While the adoption of open science in general—for instance by the lifting of pay-walls of scientific papers related to COVID-19 and fast publication of preprints to accelerate the dissemination of knowledge—is undoubtedly highly beneficial in terms of fostering the response of science to the pandemic in the search for a treatment, a possible work around the issue of PPE and ventilators shortage may be the widespread usage of open-source hardware alternatives (Pearce 2020a; Maia Chagas et al. 2020). According to the definitions by the Open Source Hardware Association (OSHWA), Open Source Hardware (OSH) are tangible technology products, the intellectual property of which (schematics, 3D designs, wiring, software, etc.) is available on the Internet free of any kind of restrictions for others to build, adapt, and use to all objectives intended including commercial usage ( OSH products must abide by several directives of best practices which include adequate systematization and organization of information and documents, usage of open development tools and file formats, and adequate licensing. More specifically, OSH best practices include, among others, recommendations that the design must: (1) have a clear description of its finality understandable even by unskilled readers; (2) be available in its full documentation, with its original files in formats that allow distribution and editing, preferentially by free open source software; (3) include any software and firmware necessary for operation; (4) include a detailed bill of materials (BOM); (5) be hosted publicly on the Internet in free-of-charge repositories; (6) have an associated forum for discussions on the design and for the tracking of its versions; (7) contain detailed instructions, with clear photos from different angles, on how to assemble, test, and use the hardware; and (8) to be licensed without restrictions of any kind and for all uses, including commercial. By abiding to these guidelines, the design may be eligible to receive an uniquely identified open-source hardware certification from OSHWA, which is the gold-standard corroboration of the openness of any particular design. Thus, inventors are allowed to include the OSH logo and the unique identifier number on their hardware. It is important to highlight though that such certification is not sufficient to certify that the design complies to technical and legal standards, as issued and verified by governmental agencies such as ANVISA and INMETRO in Brazil, or the FDA in the USA.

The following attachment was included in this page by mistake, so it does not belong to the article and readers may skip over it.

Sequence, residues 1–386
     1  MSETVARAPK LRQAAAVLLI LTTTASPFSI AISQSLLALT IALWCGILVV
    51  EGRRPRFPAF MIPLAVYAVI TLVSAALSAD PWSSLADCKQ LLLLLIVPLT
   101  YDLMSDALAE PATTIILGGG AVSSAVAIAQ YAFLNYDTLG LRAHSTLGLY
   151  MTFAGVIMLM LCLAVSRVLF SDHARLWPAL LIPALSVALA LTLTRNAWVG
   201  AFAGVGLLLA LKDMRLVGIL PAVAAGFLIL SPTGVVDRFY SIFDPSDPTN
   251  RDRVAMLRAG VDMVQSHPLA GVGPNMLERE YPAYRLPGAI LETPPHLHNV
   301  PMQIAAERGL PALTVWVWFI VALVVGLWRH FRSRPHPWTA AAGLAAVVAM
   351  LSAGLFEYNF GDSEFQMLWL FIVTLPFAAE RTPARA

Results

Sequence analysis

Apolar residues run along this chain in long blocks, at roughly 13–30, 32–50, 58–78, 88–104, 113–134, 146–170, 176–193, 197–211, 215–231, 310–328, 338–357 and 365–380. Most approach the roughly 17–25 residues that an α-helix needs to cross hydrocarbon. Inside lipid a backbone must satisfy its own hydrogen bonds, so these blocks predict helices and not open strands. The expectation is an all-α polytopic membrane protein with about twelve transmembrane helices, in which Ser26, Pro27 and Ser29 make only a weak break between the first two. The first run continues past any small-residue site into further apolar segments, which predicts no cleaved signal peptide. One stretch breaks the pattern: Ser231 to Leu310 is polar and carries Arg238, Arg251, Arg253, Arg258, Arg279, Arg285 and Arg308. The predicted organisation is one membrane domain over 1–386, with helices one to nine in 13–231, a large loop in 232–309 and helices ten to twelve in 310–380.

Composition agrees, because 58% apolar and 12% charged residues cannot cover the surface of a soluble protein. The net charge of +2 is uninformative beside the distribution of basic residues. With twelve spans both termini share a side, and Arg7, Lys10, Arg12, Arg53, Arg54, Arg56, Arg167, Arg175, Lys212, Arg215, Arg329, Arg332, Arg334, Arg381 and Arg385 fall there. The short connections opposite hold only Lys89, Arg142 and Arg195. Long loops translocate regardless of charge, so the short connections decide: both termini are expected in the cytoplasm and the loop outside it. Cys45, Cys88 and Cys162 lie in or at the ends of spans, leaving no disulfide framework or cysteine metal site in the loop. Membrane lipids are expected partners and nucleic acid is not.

The benefits of adopting the OSH model for technological development and innovation, which can be easily extrapolated to a pandemic scenario, have been explored in several books and peer-reviewed publications (Gibb 2014; Pearce 2014; Cota et al. 2020). Very briefly, opening the source of technological products immediately attracts qualified peer review which, by providing informed feedback, voluntarily contributes to their improvement and excellence (Gibb 2014). In parallel, the availability of such open source technology online may considerably reduce the cost to fabricate and distribute it (Pearce 2020c), once third part producers do not have to afford the costs of organized for profit value chains of production, distributions, and sales (Pearce 2016). Finally, easy and free access to the intellectual property underlying technological solutions by third part makers and even by industries enables distribution of fabrication in a dynamical process of meeting production with demand (Pearce 2020b). Thus, the combat against COVID-19 may take advantage of OSH versions of widely needed medical equipment and supplies. On the other hand, OSH is, as it should be, open to disciplined skepticism and informed scrutiny, and it certainly bears its caveats and pitfalls. For instance, at what point an open do-it-yourself solution becomes transferable to the highly demanding medical service? As an example, one can easily find a solution for a face-shield (an item of PPE) built as easily as punching a couple of holes in the corners of a square sheet of acetate to be mounted in a pair of eye-glasses. Nevertheless, is this enough a solution? On the other hand, must PPE and deeply needed equipment, particularly of the OSH kind, go through all the time and resource-consuming process of obtaining medical-grade certification from governmental agencies in this period of medical emergency? In line with this questioning, how to learn the development level of a particular openly published solution, or how to curate the most well-developed ones stored in public repositories (e.g., GitHub, Instructables) with an overwhelming number of entries? To which point the OSH model is related to quality of designs and efficacy of solutions? And finally, especially important when considering OSH, how to evaluate the viability of manufacturing a solution developed by a third part, having only the Internet as a means to share the intellectual property? Or in other terms: how to maximize the efficiency and efficaciousness of the process of online transferring the technology from the inventor to makers? This is crucial to the maker community and industries when deciding on which design should receive their efforts.